One night, without sleep

In memory of all those who fell and were not saved

(I normally have little regard for trigger warnings,

but on this occasion, imagine that my words are prefaced with every trigger warning ever)

A body, on a battlefield, maimed and bleeding;

terrible pain, staring at the sky,

left to die.

An experience that must have happened a million times in human history,

an experience that must be happening somewhere right now.

My situation is better—perhaps. I lie, not on a battlefield, but in a sickbed.

I just have some kind of flu;

and an eye haunted by a migraine that comes, and goes, and threatens to come again;

and I am not sleeping.

Also, I can write.

The smartphone battery was almost dead, I thought I was resigned to simply lying awake for long hours, without the catharsis of expression;

but enough time passed that I stirred, reached for the laptop, hauled it onto the bed, plugged in the phone.


The monotony of describing mundane acts

has removed me from the experiences that impelled me to write.

Those experiences said: no one should have to endure anything like this;

life should not be created.

But it was not just sensation that tortured me.

It was the defeat of my will, not just now, but many times.

It was all the lost opportunities to create in my own life,

the pointless obstruction, and being left to rust,

that denied everyone the benefits of what I might have made,

that negated my rare attempt to actually fix, and transform this malign existence.


The sun is still far from rising, but my mind has stirred to something like wakefulness.

Possible words now queue for attention and selection,

the hubbub of daylight communication,

rather than crystallizing in the dark,

a single phrase that repeats and repeats and repeats that it not be forgotten.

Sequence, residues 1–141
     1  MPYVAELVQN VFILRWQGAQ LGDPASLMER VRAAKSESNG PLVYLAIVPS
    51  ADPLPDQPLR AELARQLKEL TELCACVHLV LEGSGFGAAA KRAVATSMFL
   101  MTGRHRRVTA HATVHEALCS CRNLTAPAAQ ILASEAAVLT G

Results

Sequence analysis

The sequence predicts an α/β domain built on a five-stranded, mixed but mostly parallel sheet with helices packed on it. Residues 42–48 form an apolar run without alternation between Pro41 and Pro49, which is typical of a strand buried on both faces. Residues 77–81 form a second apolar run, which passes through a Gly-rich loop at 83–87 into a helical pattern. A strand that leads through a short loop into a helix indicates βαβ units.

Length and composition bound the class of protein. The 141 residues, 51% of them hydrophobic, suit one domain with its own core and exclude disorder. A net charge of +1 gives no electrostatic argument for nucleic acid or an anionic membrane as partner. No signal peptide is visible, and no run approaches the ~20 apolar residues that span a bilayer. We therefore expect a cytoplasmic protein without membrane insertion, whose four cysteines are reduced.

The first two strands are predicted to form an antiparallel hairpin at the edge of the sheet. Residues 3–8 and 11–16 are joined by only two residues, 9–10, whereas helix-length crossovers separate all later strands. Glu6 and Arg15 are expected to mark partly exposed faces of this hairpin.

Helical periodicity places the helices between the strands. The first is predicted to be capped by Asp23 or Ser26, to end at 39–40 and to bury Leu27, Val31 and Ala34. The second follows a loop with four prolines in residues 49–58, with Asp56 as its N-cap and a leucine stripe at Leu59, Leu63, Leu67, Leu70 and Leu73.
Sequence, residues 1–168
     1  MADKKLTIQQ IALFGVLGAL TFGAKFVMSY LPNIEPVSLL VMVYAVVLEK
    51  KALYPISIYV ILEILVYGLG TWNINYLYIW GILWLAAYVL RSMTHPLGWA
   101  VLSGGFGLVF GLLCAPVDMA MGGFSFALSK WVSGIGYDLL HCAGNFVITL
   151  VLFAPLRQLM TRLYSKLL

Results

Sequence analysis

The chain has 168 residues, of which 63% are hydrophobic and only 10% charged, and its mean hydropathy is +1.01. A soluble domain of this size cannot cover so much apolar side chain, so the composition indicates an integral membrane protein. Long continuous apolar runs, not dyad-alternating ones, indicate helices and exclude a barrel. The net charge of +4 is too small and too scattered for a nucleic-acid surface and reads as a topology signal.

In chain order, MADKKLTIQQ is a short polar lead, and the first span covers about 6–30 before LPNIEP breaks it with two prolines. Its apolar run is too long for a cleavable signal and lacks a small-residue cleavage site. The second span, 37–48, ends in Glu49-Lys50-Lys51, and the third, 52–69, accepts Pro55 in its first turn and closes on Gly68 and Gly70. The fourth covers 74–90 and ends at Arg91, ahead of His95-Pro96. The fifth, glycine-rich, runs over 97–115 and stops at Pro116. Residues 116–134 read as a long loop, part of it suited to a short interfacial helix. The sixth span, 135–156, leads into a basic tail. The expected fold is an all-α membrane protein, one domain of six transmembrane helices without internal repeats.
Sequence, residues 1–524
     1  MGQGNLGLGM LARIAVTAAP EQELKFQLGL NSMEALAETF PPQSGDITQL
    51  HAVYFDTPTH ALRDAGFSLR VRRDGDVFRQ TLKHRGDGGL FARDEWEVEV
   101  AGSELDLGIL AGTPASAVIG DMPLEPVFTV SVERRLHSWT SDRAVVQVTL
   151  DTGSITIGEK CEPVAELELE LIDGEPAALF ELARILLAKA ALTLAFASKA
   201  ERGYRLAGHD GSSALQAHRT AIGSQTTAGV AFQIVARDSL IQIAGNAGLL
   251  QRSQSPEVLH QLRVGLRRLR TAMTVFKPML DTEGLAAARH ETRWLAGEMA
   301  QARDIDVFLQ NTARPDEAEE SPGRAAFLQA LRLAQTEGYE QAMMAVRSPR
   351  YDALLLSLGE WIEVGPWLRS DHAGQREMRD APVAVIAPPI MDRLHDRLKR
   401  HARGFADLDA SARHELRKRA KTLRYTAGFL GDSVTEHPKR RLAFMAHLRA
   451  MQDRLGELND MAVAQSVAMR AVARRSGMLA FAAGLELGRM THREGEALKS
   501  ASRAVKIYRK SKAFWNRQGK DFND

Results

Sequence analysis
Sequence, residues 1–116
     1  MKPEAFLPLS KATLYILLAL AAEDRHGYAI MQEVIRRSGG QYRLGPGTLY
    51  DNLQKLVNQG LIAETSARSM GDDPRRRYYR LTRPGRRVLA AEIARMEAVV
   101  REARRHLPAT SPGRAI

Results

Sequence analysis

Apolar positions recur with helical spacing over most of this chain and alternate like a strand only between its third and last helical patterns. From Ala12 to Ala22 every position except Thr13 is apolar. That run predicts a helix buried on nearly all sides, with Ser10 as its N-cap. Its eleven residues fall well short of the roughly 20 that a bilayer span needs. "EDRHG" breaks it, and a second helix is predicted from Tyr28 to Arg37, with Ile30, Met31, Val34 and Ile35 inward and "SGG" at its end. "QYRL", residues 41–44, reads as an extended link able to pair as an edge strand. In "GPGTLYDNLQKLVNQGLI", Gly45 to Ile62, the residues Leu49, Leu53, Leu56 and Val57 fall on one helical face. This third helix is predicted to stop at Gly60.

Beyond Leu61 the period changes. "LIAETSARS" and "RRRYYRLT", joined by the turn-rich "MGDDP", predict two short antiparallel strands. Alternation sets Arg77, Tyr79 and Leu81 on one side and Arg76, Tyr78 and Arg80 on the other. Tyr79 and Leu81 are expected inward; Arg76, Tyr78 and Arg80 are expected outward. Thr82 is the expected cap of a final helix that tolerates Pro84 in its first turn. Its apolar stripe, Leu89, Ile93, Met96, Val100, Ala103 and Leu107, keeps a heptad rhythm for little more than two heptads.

And I have remembered another thought:

that I am so tired of this. Of having to endure pain, whole days lost to waiting for pain to fade,

in order to keep carting my burdens uphill, alone.

Once, I was optimistic,

fruit of a happy childhood perhaps,

and I think I still carry the error implanted,

the expectation that everything works out for the best,

that in the end one will be noticed and saved.

There was a time, a long time, when I thought I would do the saving;

I thought I knew perspectives that would cheer everyone up,

and recipes that would materially change the world for the better.

After enough years had passed, I added the thought:

this world as it is, needs transformation;

there is no groundswell to even try to make it better,

instead I find myself on a solitary march years in duration;

therefore, no one should create life.

That was 1996.


But both my defiant pursuit of a way to redeem existence,

and my sad insight that it is not now an existence in which life should be created,

remained hidden, buried. My life, and the world, twisted and turned, and I never produced a great work;

just fragments, actions, statements that echoed briefly in a handful of other lives.


Now I lose the momentum of this testimony too,

which began with a memoriam for all those lost who never return.

The sun will come, the illness subside, the migraine fade (though it returns weekly);

and during the long night I fashioned new tactics for escaping the circumstances that weigh on me,

that interfere with my imperatives, this time so much so that the effort to preserve my mind

left my body weak and sick with misery.

My experience tells me, a hundred times over:

shout for help, say you and all your possibilities are going to waste,

and no one will come for you.

So one is left to survive, on the charity of family and the cunning to make a little money,

left to attempt to do as much as possible on one’s own,

and then, occasionally, make another big appeal for help.

But time grows short; the machines have advanced;

it could mean hope more concrete than ever;

but I want to do more than just cultivate private hope,

I want to attempt with all my strength, to do the specific things that I see to be done.

And this is why the illness of bodily defeat is so bitter;

one’s struggle, conducted alone, but in the hope of one day dragging treasures into daylight,

is felled by the weakness of one’s own physical vehicle.

And now grief sears through me, though it seems that I will live to fight another day;

and a voiceless cry forces itself out (but I keep it silent, for the others who try to sleep, wrapped in their own lives, in rooms nearby),

and my cheeks are wet with tears.

Whether it is the thought of all those who were not saved,

or just the thought of myself and those others I have known who, though they lived, were not saved;

and there was a flash of fierceness too, some ancient killer instinct,

sensing opportunity to finally vanquish a foe.


There is only anticlimax left. Words, that I will not further shape despite their flaws,

a message from one depth and one overcoming,

out of the myriads that have been endured.

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